On a cold rainy morning, members of the American Indian tribes shouted “Water is sacred” and “Keep it in the soil; can’t drink oil” as they marched toward the White House.
The March 10 protest against the Dakota Access pipeline included hundreds of Native Americans, some dressed in traditional feather headbands and ponchos.
They beat drums and danced as they made their way through the streets.
Add one more to the table of Democratic contenders for president in 2016. On June 3 Lincoln Chafee, the Republican-turned-Independent-turned-Democrat who served as both governor and senator of Rhode Island, announced he is in the running. Here are five faith facts about this very dark horse (who used to horseshoe for a living).
1. He’s Episcopalian.
Chafee was raised in the church and his positions on many of the issues largely mirror that of many Episcopalians, one of the more liberal Christian denominations. Chafee supports marriage equality, embryonic stem-cell research, and reproductive choice for women, and he opposes the death penalty.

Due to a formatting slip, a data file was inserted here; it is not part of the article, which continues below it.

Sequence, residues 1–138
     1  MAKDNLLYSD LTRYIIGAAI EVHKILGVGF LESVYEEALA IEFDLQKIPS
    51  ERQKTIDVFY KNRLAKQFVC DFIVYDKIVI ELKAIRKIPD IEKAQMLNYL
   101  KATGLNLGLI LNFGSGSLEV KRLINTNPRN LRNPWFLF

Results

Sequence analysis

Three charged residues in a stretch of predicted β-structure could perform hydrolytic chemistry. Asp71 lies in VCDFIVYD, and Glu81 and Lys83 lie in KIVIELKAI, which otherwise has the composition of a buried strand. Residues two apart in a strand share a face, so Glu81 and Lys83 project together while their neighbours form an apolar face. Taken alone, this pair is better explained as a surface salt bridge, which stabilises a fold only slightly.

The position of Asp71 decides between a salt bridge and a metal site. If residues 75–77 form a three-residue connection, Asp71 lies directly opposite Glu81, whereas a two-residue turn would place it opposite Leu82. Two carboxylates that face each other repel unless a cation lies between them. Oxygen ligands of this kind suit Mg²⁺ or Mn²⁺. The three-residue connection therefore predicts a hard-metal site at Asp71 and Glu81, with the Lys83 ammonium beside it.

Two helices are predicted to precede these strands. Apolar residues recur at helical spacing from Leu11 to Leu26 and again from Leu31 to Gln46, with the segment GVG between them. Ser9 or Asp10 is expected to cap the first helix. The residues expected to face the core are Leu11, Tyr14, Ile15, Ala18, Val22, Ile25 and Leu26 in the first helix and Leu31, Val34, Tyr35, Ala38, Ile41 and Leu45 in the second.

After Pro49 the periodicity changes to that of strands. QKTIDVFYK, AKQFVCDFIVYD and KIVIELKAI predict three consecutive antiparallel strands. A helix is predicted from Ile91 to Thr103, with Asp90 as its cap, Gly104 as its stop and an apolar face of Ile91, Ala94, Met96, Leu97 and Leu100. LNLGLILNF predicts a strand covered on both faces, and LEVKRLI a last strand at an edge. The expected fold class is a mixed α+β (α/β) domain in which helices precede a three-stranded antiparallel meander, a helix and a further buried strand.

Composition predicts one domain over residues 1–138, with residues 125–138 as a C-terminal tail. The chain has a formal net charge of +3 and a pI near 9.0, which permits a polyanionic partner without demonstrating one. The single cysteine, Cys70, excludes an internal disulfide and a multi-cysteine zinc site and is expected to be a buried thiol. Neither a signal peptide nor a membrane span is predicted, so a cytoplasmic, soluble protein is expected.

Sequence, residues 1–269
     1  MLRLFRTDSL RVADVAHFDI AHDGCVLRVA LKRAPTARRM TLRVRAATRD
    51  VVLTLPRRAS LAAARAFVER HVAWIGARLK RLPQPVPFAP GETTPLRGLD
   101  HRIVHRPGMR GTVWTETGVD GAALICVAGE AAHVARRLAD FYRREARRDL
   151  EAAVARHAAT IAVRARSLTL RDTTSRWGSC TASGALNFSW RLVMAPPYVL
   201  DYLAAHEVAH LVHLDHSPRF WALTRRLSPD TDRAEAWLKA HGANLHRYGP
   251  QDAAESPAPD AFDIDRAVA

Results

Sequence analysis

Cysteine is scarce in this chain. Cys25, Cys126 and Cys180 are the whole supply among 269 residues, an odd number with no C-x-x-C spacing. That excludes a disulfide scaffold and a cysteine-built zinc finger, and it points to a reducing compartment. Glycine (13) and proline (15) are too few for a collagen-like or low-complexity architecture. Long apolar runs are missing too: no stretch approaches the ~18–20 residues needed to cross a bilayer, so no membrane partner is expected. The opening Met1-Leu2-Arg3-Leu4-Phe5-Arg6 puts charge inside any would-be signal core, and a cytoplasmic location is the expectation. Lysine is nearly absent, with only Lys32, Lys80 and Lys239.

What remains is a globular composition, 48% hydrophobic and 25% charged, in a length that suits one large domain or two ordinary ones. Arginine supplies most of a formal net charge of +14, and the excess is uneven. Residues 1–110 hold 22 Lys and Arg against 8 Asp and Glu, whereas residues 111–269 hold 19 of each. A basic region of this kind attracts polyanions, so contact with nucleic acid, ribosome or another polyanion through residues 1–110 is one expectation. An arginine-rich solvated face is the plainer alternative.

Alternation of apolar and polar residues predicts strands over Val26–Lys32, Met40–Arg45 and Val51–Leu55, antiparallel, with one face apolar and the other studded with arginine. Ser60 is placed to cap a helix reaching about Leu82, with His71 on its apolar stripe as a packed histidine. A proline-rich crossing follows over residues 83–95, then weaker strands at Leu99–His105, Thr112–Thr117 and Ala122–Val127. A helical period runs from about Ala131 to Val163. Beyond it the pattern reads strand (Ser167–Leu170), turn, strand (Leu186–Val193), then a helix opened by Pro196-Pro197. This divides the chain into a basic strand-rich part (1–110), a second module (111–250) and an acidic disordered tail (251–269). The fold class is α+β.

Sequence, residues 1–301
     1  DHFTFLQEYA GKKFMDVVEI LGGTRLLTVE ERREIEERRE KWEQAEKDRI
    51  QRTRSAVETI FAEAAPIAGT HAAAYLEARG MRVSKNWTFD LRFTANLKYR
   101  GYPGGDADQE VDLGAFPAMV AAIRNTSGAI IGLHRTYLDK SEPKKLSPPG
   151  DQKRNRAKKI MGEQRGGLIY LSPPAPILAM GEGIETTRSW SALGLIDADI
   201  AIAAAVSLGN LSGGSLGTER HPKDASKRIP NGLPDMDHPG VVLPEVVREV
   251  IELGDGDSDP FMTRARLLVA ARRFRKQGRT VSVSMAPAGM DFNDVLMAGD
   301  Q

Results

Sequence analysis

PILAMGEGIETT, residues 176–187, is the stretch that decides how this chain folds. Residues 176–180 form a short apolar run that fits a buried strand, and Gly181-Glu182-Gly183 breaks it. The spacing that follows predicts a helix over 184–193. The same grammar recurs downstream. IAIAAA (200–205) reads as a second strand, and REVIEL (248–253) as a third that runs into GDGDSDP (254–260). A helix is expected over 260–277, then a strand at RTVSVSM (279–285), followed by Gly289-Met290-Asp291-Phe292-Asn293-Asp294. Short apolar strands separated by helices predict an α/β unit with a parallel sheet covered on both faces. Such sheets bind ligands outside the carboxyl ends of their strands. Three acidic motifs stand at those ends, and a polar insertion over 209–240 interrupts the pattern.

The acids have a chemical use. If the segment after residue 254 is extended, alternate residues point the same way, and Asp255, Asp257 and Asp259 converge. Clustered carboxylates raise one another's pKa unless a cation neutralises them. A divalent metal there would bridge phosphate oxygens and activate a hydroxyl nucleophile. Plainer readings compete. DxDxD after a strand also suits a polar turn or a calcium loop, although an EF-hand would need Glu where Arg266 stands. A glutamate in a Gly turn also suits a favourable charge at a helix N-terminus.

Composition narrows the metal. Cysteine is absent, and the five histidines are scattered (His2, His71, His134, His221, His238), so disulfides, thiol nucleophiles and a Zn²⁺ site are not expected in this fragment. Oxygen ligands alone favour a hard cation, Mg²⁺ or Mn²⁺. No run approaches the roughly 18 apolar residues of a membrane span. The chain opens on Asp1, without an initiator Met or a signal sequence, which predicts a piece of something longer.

WASHINGTON — Rhode Island on May 2 became the 10th state to approve same-sex marriage, and the Delaware Legislature holds a key vote on May 9 on the same issue. But Brian Brown, president of the National Organization for Marriage, denies there is a national tide in support of marriage rights for gay couples.
“I don’t know that I would say Rhode Island is a trend,” Brown said, also questioning victories for supporters of gay marriage initiatives in Maine, Maryland, and Washington state last November.
“Again, we’re talking about states that are not necessarily indicative of the rest of the country. These are pretty deep-blue, liberal states we’re talking about.”
Even so, Brown, the head of the leading national organization opposing same-sex marriage, finds himself playing defense as more Americans support same-sex marriage and more state legislatures debate measures authorizing it.
It is unclear how the adjective employed to describe a coniferous tree intended as public celebratory display became a “slap in the face” to the Christian community. It’s especially curious considering that the use of the fir tree around the winter solstice is commonly traced back to Germanic pagan traditions, not Christian ones.
The display of a Christmas tree, a nativity (or manger, or crèche) or any other “stuff” on public property is made central to the celebration of Christ’s birth. Suddenly the profound and unique Christian mystery of the Incarnation — the profound truth of Emmanuel, God with us — is reduced to a set of cultural traditions and a demand for public officials to sponsor and endorse their particular brand of celebration.
When that happens, it’s no longer clear what the difference is between a Christmas tree, a golden calf or a two-story blow-up polyurethane Frosty the Snowman.